In order to maintain strength in Christ, the learner should therefore be able to maintain a well-thought out worldview in the face of criticism and so-called "evidence" that others level to the contrary. Indeed, the teacher and the learner interact to construct the strength of such a viewpoint.
The role of society is a difficult issue when considering the Christian worldview, its encouragement and its construction. One cannot for example, especially in today's culture, expect society to subscribe to a single faith paradigm, although in the mind of many this would be the ideal solution. Instead, society's role from the Christian viewpoint can be expected at most to offer tolerance and a platform on the basis of which religion and religious education can thrive. The problem is however that the social influence is so strong that Christians themselves often tend to be led astray by the less desirable activities perpetuated by the secular world.
A study cited by Audrey Barrick (2007) for example demonstrated that both Christian and non-Christian adults display little difference when measured against moral behaviors such as viewing sexually explicit movies, using profanity in public or buying lottery tickets. However, Christians are also more likely to volunteer at their church and engage in other social activities such as helping the homeless.
The lack of commitment by Christians is not so much the fault of society as it is by omission from believers themselves. The only responsibility of society is to provide believers with the freedom to exercise their faith. Believers themselves are responsible for the way in which this faith is manifest both within society and within the community of believers themselves.
The same is true of the government; governmental officials are not responsible for the souls of Christian believers, but only for providing believers with the platform they need to exercise their faith. Believers in turn...
Indeed, this is required by Christ himself, who encouraged his disciples to give Caesar his due.
The most important elements in stimulating the Christian worldview are the church and the family. The church is a haven where Christians should be allowed to exercise their faith in the most effective way possible. The church is also the establishment that consolidates the specific faith of individuals while enabling them to strengthen their faith by means of collective worship.
Even more important is the family. The Christian family is the primary unite that provides religious strength to individuals, especially when they are still children. Childhood education within the family is vitally important in order to enable the strength of the Christian worldview later in life. It is only within the family unit that the Beatitudes can truly become a reality in life, because it is only those who become "like children" that are truly blessed in their faith.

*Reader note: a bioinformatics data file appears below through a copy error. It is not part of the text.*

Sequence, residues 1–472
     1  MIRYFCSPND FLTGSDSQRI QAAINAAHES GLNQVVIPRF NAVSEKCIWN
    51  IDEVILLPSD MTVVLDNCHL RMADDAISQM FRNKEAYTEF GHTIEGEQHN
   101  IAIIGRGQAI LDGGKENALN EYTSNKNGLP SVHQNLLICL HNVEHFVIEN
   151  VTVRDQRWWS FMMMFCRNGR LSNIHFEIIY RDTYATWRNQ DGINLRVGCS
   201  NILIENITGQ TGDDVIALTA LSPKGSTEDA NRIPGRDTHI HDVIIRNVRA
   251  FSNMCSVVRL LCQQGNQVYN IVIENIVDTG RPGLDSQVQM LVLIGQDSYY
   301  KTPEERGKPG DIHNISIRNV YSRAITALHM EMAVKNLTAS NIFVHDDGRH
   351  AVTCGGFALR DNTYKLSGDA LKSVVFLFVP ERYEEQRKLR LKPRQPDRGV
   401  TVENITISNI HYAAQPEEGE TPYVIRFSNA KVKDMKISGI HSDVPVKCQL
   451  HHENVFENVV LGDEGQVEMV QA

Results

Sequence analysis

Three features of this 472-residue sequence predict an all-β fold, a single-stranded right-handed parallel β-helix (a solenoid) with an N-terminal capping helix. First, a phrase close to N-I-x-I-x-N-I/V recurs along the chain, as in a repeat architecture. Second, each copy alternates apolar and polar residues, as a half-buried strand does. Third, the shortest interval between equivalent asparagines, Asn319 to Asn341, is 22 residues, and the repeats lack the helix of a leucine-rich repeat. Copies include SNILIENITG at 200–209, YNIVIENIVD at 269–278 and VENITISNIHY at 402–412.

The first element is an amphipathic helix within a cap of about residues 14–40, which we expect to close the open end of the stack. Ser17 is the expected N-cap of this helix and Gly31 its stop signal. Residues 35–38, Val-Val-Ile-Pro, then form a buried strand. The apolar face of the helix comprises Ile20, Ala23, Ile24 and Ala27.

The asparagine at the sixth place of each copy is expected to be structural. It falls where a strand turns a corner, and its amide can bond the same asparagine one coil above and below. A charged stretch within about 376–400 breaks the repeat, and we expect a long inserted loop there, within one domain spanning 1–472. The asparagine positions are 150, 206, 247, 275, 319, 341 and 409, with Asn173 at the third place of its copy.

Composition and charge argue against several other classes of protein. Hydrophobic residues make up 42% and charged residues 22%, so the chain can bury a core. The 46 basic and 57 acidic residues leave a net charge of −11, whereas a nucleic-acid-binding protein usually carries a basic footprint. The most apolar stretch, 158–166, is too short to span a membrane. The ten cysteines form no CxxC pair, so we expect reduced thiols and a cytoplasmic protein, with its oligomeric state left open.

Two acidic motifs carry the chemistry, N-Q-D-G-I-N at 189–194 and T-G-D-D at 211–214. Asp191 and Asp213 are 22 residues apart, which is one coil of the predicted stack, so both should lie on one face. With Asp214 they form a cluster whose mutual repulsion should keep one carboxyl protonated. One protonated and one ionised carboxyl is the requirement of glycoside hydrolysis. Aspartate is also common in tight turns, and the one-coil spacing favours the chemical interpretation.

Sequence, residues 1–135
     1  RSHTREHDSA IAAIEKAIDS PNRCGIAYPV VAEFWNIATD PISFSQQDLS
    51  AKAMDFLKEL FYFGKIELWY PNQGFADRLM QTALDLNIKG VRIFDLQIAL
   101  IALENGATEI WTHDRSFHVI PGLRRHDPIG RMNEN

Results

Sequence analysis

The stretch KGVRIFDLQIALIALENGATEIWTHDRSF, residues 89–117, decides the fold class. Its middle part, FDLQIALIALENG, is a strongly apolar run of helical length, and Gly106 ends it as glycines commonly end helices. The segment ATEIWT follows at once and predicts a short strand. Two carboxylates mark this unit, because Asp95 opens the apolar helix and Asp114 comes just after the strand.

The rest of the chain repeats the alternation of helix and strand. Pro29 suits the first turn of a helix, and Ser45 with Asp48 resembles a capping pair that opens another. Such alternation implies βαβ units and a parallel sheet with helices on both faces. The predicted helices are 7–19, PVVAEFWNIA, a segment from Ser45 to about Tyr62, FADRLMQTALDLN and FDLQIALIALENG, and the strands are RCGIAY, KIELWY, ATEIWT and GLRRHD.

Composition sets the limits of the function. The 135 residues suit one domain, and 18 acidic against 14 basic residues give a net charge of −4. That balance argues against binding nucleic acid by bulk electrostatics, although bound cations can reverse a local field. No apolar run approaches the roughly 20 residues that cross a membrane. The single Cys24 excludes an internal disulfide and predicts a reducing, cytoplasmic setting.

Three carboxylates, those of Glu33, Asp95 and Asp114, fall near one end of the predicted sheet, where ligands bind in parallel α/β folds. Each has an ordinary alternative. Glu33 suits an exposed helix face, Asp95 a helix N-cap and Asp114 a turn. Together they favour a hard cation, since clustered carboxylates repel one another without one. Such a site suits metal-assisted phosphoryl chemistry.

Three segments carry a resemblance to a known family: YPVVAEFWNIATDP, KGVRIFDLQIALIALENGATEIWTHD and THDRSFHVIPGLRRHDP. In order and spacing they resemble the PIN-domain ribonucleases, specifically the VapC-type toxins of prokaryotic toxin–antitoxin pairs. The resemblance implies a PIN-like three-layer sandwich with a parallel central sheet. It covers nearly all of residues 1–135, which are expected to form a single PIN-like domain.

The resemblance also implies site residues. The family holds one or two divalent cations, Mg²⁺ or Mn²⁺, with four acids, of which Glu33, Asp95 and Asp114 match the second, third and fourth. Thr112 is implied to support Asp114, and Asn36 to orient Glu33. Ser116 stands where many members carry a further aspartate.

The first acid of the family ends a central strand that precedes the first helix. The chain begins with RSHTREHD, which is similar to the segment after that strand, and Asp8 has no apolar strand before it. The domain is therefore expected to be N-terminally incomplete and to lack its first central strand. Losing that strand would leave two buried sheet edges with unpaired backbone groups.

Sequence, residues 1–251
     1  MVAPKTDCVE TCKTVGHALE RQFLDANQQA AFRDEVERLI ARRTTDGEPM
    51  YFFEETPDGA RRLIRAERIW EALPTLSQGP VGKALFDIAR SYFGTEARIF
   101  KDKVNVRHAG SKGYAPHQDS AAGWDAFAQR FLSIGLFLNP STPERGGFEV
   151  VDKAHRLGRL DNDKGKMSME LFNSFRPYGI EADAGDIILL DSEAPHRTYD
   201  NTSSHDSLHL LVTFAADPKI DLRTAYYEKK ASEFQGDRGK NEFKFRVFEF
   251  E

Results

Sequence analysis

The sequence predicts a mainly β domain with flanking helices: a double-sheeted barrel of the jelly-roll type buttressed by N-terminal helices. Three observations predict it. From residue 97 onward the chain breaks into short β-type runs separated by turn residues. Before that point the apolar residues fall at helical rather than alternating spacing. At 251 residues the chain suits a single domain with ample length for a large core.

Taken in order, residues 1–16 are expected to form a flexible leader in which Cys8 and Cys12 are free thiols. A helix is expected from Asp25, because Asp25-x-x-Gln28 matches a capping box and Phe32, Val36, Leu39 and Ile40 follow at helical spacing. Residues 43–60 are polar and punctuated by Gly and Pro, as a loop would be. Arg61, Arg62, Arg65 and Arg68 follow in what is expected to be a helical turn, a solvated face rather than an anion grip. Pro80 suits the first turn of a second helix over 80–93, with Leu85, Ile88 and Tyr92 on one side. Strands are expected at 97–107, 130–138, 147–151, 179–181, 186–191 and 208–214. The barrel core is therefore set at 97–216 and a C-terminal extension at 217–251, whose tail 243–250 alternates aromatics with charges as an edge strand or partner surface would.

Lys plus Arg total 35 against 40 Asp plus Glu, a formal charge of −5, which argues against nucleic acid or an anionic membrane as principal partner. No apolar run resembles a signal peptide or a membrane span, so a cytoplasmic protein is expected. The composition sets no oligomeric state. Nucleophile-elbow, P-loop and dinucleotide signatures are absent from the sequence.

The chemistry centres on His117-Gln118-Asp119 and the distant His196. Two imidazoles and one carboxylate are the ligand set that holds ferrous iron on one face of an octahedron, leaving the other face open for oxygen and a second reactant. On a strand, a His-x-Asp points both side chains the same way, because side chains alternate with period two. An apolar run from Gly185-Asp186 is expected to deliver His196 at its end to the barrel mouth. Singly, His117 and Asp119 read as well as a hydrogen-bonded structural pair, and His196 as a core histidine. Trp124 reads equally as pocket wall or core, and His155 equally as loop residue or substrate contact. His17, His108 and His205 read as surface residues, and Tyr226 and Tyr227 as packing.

In terms of education, it is important to keep in mind that there are ways to instil good values in young people without necessarily making Christianity part of this. Programs such as Character Counts (Josephson Institute, 2010), are excellent examples of a good, moral education that prepares children for the world while also leaving the choice of specific religion and creed up to them. While the Christian worldview provides me with a better way of living than any other, I do believe that it is a personal choice, and should indeed be so.
Barrick, Audrey. (2007, Feb 7.) Study Compares Christian and Non-Christian Lifestyles. Christian Today U.S. Correspondent. Retrieved from http://www.christiantoday.com/article/american.study.reveals.indulgent.lifestyle.christians.no.different/9439.htm
Bennett, Malcolm David. The Origins Left Behind Eschatology. Xulon Press
Craig, W.L. And Moreland, J.P. Philosophical Foundations for a Christian Worldview.
Croucher, Rowland. (2003, Oct 19). Children and New Age (Beware, Says James Dobson). John Mark Ministries Retrieved from http://jmm.aaa.net.au/articles/5476.htm
Got Questions Ministries (2010). What is a Christian Worldview? Retrieved from http://www.gotquestions.org/Christian-worldview.html
Hitchens, C. And Wilson, D. (2007, Aug 5). Is Christianity Good for the World? Christianity Today. Retrieved from http://www.christianitytoday.com/ct/2007/mayweb-only/119-12.0.html
Josephson Institute. (2010) Character Counts. Retrieved from http://charactercounts.org/
Wayne, Israel. (2010). Biblical Worldview. Retrieved from http://www.christianworldview.net/
Wells, Robert (2010) the Beatitudes. Retrieved from http://robertwells.tripod.com/Beatitudes.html
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